Electrical Safety Essentials: Hazards in a High Voltage Workplace

April 26, 2024

Reduce hazards in high-voltage areas by understanding the fundamentals of electrical safety that are crucial for your employees.

Electrical Safety Essentials: Hazards in a High Voltage Workplace

The hum of electricity is a constant presence in workplaces such as construction sites and some manufacturing facilities. This presence brings a magnitude of risks with electrical system failures and hazards. Prioritizing a culture of safety is a must to address electrical concerns effectively, thereby protecting your employees from harm.

To keep the workplace safe and reduce risks, employers need to set up electrical safety measures and provide regular training. These steps will equip employees with the knowledge and skills needed to stay alert and create a sense of responsibility during an electrical emergency.

Power lines are one of the most visible high-voltage threats. However, they can become dangerous to those unaware of how low they hang or even when they are down. Safety near power lines begins with knowledge and spatial awareness.

  • Stay alert: Educate teams on the presence and dangers of overhead, buried and downed power lines within the workspace. Encourage a ‘look up and look out’ habit before starting any work, especially when maneuvering equipment and ladders, or when work requires elevation.
  • Keep a safe distance: Implement strict policies defining safe distances from power lines. When a power line is down, always assume the wire is live. The absence of a humming sound or sparking does not mean electricity is gone. Keep all equipment and personnel the recommended distance away from down and overhead lines:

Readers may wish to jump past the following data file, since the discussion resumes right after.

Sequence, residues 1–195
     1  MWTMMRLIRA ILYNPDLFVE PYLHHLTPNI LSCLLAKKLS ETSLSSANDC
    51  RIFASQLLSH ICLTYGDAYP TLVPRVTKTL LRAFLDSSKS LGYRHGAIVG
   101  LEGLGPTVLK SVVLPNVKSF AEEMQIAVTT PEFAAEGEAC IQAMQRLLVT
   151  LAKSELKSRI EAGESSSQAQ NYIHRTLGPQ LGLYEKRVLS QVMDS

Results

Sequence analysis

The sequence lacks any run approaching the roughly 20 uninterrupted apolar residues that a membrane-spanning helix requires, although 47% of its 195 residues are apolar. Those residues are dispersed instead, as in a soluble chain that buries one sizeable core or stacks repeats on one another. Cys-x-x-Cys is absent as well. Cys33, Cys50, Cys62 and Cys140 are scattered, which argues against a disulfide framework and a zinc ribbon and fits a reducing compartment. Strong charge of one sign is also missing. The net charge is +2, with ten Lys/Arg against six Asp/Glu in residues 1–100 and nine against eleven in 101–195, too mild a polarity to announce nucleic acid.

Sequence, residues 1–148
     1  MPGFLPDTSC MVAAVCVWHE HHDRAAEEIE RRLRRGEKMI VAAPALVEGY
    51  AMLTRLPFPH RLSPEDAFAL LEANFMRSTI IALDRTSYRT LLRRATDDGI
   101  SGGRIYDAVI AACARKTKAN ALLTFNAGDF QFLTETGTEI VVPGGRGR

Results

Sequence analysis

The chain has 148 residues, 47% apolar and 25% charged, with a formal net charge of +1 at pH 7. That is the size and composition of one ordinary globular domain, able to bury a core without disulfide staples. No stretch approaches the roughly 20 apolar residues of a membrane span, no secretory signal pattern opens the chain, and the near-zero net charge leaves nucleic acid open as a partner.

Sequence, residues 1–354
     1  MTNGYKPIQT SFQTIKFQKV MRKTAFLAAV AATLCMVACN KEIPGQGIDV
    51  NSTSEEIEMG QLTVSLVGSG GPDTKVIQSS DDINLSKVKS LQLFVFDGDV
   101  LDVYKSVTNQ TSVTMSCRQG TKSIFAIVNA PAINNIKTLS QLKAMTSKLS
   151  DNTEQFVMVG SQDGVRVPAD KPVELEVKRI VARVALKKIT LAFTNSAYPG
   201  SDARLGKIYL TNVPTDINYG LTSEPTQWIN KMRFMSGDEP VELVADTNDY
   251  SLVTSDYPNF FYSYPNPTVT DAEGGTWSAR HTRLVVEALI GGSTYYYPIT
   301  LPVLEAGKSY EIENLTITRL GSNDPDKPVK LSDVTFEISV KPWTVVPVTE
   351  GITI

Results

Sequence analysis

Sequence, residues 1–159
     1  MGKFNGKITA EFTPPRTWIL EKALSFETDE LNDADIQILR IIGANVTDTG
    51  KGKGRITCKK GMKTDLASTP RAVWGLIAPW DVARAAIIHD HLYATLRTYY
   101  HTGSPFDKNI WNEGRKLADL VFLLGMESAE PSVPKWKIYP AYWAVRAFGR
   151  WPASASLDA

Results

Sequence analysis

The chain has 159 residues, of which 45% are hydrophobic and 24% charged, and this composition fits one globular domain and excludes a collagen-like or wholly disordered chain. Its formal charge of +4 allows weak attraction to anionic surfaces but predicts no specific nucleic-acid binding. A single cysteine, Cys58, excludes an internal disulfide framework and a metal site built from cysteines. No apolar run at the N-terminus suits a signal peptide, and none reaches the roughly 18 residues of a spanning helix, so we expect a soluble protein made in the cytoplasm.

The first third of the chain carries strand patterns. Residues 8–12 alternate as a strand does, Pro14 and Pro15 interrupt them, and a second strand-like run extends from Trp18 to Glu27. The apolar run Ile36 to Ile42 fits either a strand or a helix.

• Plan around electrical lines: Where possible, de-energize power lines when working nearby. If your team cannot deactivate a line, use barriers or insulated materials to prevent accidental contact. To mitigate risks, ensure that electrical engineers or utility companies are involved when planning to work around power lines.
Voltage (kV)Minimum Clearance Distance
Up to 50 kv10 feet
Over 50 to 200 kv15 feet
Over 200 to 350 kv20 feet
Over 350 to 500 kv25 feet
Over 500 to 750 kv35 feet
Over 750 to 1000 kv45 feet
Over 1000 kvAs established by the utility owner/operator or registered professional engineer who is a qualified person with respect to electrical power transmission and distribution.

Understanding the risks associated with electricity lays the groundwork for a comprehensive approach to electrical safety through grounding, ground fault protection and properly utilizing electrical tools and cords.

Implementing effective grounding techniques is critical for workplaces dealing with high-voltage equipment to minimize the risk of electrical accidents. It prevents the buildup of hazardous voltages in a circuit by creating a low-resistance path to a ground plane. 

After implementing grounding techniques, employees need to know how to inspect and maintain grounding cables, rods and connections regularly. Damage and deterioration need to be addressed immediately to ensure the safety of personnel and equipment.